Anoop arranged both my day trip through the small villages in a shikara, as well as my overnight stay on a larger, one bedroom Kettuvallom. Not only did he confirm the bookings, but he drove me down to the dock on the back of his motorbike to introduce me to Captain Rubin and my own personal cook, “TikTok.” Anoop wanted to make sure the photos of the boat he had shown me were a true representation in exchange for the 7,000 rupees ($100, including three meals) I had paid for the overnight cruise.
While I thoroughly enjoyed my time cruising the Backwaters of Kerala, it didn’t take long to realize the impact tourism is having on this area. I was stunned when it was time to depart the dock, and it looked like 8:00am rush hour traffic. Leaving the canal headed for the lake, I counted twelve boats in front of us. Not exactly the serene, idyllic experience I had envisioned.
While my guidebook states there are around 500 houseboats to choose from in Alleppey, my boat captain tells me it’s now more like 1,500, a fact that causes me to feel a little twinge of guilt in hiring a boat, captain, and cook, all for my own boating pleasure. It’s a toss up on how one chooses to look at it. Am I part of the problem by feeding the demand? Or part of the solution by “feeding” the supply?
A recent environmental-impact assessment found that houseboat operations on Vembanad Lake have exceed its carrying capacity. Some signs of ecological responsibility are starting to emerge as the top of the line houseboats are converting to electric motors, but that’s a feature few can afford. Conservation attempts are underway by the government of India to protect Vembanad’s wetlands from houseboat motor pollution, dumping of raw sewage, and pesticide residue from paddy fields seeping into the backwaters causing dangerously high levels of heavy metals, all which threaten the fish life that sustains the villagers. May the circle be broken.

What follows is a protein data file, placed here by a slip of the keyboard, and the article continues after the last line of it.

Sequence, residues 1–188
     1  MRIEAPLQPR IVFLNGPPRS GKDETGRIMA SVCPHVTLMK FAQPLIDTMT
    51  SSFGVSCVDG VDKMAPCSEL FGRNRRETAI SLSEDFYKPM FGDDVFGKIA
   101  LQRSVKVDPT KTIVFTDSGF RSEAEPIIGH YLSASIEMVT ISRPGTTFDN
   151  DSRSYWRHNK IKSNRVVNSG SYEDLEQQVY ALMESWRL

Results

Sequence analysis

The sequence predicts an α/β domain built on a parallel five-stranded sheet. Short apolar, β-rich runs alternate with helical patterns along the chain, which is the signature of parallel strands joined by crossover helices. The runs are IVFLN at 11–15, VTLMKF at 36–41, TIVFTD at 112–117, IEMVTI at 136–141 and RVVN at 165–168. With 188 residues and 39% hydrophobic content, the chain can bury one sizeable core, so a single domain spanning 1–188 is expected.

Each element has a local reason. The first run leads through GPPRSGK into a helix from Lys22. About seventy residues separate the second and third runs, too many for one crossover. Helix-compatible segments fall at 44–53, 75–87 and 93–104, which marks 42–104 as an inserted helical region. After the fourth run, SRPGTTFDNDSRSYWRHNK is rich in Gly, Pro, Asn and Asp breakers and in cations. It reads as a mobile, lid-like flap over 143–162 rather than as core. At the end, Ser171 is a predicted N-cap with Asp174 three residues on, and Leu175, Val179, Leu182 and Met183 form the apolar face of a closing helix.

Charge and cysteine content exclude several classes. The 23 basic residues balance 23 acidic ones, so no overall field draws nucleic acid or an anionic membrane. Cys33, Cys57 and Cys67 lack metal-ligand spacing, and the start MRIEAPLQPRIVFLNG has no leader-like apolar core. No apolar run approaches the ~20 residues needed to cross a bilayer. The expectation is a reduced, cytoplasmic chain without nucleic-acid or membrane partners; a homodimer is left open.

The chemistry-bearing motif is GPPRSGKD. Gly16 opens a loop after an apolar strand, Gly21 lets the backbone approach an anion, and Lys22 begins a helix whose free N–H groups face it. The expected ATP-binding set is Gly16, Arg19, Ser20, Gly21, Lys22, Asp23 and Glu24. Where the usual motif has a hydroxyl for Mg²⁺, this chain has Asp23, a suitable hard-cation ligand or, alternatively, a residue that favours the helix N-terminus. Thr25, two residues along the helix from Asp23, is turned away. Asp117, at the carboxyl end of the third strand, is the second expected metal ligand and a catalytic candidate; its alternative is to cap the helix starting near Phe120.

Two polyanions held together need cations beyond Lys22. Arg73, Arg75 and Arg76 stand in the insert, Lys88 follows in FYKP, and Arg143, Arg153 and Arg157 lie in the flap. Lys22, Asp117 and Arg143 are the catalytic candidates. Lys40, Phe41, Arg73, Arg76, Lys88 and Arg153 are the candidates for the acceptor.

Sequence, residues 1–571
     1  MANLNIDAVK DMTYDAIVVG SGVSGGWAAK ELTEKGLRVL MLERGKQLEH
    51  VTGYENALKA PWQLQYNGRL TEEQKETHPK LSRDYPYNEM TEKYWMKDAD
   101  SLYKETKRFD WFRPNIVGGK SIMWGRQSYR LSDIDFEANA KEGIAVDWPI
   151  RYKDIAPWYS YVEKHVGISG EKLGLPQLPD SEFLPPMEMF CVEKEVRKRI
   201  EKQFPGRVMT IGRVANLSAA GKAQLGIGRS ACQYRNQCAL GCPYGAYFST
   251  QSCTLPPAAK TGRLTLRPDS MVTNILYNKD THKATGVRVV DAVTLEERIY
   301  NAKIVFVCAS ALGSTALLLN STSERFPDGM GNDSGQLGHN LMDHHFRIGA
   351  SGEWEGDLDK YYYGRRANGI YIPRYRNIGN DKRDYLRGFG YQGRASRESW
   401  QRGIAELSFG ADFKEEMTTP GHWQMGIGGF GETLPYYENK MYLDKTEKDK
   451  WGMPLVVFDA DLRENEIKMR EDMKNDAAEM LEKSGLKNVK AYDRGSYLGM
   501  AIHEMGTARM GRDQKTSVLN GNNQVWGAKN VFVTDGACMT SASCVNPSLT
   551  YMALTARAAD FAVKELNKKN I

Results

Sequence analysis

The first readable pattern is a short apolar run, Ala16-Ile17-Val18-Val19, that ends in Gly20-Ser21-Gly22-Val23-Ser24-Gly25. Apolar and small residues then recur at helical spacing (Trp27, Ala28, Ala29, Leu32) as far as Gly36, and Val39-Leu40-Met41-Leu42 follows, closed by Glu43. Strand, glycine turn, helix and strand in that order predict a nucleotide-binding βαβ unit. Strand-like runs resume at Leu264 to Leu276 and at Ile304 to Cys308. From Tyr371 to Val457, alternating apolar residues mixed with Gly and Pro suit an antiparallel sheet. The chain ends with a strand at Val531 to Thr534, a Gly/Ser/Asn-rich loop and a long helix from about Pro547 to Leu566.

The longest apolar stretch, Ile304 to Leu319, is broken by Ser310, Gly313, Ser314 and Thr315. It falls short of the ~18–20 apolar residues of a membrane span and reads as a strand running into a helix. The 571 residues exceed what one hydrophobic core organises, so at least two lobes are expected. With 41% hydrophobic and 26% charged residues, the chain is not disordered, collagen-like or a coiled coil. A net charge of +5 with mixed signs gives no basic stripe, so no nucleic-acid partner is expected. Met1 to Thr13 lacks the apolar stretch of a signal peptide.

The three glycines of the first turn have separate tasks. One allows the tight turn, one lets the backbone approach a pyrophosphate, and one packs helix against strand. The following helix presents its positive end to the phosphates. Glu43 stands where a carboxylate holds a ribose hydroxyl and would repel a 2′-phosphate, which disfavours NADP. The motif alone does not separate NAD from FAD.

There have been times in my travels when looking back in hindsight, I feel a little sense of shame in having patronized a place. Maybe it’s a case of animals being used for bizarre forms of entertainment like swimming with the dolphins in Mexico, or visiting the Jumping Cat Monastery in Myanmar. Or places that are just trampled to death like Nepal’s Annapurna circuit where the path was literally paved with blue plastic water bottles. Places where visiting caused me to question my decision, or make me wish I had done a bit more research as to the sustainability. Backwater cruising was one of those times.
I have read several articles recently about how pollution is clearing up and the earth is getting a much needed rest through this time of COVID-ity. If one place needs such a rest, it is the backwaters of Kerala. It’s impossible to accept the loss of livelihood in a prosperous country such as ours during this unprecedented time, let alone an impoverished country like India. But at least if there is a silver lining to this impenetrable globe-enveloping COVID cloud, it’s that places like the canals of Alleppey and Vembanad Lake are getting a much needed break.